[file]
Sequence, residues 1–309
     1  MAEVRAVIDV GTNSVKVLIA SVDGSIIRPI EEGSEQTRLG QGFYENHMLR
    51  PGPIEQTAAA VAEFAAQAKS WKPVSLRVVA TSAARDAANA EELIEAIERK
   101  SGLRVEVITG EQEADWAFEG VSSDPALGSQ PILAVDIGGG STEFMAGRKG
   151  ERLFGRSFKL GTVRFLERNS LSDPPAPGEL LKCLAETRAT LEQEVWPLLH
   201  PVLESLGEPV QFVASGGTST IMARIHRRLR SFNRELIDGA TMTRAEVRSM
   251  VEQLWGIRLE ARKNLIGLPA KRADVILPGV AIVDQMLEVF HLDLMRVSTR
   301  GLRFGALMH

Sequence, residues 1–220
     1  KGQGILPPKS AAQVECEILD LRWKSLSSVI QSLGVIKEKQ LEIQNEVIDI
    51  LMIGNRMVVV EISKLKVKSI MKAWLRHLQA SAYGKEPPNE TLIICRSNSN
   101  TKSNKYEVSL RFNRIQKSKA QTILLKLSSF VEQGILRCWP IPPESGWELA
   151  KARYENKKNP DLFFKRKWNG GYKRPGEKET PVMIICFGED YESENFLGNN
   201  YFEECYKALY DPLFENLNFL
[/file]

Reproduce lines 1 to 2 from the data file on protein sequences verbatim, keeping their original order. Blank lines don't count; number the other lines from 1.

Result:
Sequence, residues 1–309
     1  MAEVRAVIDV GTNSVKVLIA SVDGSIIRPI EEGSEQTRLG QGFYENHMLR